Speaker: Richard Frackowiak

The traditional approach to determining disease nosology – eliciting symptoms and signs, creating clusters of like individuals and defining diseases primarily on those criteria has not generated fundamental breakthroughs in understanding sequences of pathophysiology mechanisms that lead to the repertoire of psychiatric and neurological diseases. We now know that a single gene mutation may present with multiple phenotypes, and vice versa, that a range of genetic abnormalities may cause a single phenotype. These observations lead to the conclusion that a deeper understanding is needed of the way changes at one spatial or temporal level of brain organisation (e.g., genetic, proteomic or metabolic) integrate and translate into others, eventually resulting in behaviour and cognition.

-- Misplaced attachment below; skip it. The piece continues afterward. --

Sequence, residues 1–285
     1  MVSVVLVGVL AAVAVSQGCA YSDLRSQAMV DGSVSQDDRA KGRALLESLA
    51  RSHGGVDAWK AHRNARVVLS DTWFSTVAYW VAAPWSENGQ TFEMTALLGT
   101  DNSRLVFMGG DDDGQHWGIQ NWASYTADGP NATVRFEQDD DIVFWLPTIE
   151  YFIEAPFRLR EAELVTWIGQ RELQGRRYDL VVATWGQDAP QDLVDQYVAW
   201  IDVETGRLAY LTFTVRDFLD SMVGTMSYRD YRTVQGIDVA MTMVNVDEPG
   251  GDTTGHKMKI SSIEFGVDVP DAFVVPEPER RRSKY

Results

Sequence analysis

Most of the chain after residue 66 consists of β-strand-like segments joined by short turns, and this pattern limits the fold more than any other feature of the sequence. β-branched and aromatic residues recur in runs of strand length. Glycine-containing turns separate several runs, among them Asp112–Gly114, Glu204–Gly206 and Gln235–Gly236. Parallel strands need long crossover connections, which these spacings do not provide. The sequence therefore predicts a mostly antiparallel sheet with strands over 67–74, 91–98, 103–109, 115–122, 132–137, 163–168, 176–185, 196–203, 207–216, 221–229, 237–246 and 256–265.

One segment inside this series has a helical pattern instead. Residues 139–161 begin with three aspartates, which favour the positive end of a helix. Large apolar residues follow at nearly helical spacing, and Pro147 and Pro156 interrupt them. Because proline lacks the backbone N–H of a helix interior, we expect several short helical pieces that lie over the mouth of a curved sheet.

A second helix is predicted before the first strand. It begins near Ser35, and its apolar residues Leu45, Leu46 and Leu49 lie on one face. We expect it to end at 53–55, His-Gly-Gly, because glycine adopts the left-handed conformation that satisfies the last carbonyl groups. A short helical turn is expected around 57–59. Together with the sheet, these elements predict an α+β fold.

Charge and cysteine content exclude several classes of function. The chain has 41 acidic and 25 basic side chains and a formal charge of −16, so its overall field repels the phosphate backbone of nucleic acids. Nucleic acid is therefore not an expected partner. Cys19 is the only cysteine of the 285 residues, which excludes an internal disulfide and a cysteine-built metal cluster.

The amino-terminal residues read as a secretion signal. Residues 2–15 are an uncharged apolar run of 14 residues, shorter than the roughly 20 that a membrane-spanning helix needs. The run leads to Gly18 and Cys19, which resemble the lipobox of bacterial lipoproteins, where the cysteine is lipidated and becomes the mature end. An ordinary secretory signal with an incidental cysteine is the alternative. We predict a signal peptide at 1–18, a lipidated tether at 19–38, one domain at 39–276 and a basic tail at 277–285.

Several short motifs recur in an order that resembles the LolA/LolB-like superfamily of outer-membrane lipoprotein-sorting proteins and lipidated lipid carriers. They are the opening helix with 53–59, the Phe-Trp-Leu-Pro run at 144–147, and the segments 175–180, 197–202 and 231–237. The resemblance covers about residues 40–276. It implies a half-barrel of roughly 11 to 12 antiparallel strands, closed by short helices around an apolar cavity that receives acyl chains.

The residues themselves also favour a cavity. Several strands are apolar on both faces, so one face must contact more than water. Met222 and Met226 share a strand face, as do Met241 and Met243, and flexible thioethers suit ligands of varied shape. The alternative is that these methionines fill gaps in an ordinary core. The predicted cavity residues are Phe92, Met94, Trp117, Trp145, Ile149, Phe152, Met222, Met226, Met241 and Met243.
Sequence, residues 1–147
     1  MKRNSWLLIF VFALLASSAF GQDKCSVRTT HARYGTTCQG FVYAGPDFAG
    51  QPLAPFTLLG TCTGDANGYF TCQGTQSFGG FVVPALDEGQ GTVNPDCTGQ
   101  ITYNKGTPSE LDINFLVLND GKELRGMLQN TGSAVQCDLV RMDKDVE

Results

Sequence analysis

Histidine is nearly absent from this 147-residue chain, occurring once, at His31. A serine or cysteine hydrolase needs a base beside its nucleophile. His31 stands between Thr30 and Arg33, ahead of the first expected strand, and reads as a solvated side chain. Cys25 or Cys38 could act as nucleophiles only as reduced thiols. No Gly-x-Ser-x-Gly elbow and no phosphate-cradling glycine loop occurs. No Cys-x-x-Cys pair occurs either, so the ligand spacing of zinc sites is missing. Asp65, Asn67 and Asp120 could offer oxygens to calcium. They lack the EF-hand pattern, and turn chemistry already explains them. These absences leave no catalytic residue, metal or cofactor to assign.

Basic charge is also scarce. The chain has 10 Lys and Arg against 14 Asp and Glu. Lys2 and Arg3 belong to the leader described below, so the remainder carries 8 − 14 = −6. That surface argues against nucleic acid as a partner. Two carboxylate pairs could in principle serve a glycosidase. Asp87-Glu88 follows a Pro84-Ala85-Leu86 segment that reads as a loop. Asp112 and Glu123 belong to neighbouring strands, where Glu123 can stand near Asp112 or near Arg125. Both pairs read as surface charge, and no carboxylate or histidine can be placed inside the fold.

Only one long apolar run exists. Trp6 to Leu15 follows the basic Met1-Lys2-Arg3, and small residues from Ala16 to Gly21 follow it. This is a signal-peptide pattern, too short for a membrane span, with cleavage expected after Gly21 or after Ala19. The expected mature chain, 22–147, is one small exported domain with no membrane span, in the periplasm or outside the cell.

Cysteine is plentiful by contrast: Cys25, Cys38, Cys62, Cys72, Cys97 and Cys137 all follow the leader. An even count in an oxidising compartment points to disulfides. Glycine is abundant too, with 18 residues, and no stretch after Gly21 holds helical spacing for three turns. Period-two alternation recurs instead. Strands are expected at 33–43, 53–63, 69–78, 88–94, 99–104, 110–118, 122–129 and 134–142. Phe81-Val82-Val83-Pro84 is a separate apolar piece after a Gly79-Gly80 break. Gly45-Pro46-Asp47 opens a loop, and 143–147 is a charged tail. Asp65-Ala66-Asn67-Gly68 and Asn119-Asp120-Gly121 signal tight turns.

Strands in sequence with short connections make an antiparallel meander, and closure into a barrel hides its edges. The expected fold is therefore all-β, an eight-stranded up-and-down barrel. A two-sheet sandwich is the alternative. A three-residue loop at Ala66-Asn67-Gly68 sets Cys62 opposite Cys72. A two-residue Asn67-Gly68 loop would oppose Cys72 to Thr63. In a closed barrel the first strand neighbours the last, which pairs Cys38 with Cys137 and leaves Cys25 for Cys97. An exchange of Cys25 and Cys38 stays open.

The Human Brain Project is a massive collaborative effort, funded by the European Union, between basic and clinical neuroscientists and computer engineers. We aim to develop a working biological theory of the brain from the most basic level – its genes, to the most complicated – cognition, emotion, perception and action. Using data collected over decades, interrogated by radical new data-addressing protocols developed for the purpose, we will employ supercomputers to generate disease signatures based on a combination of clinical details and biological information. Neurologists and psychiatrists will use the results of data mining the masses of data in Europe’s hospital and research databases to develop new diagnostic schemas facilitating thus an era of precision medicine.

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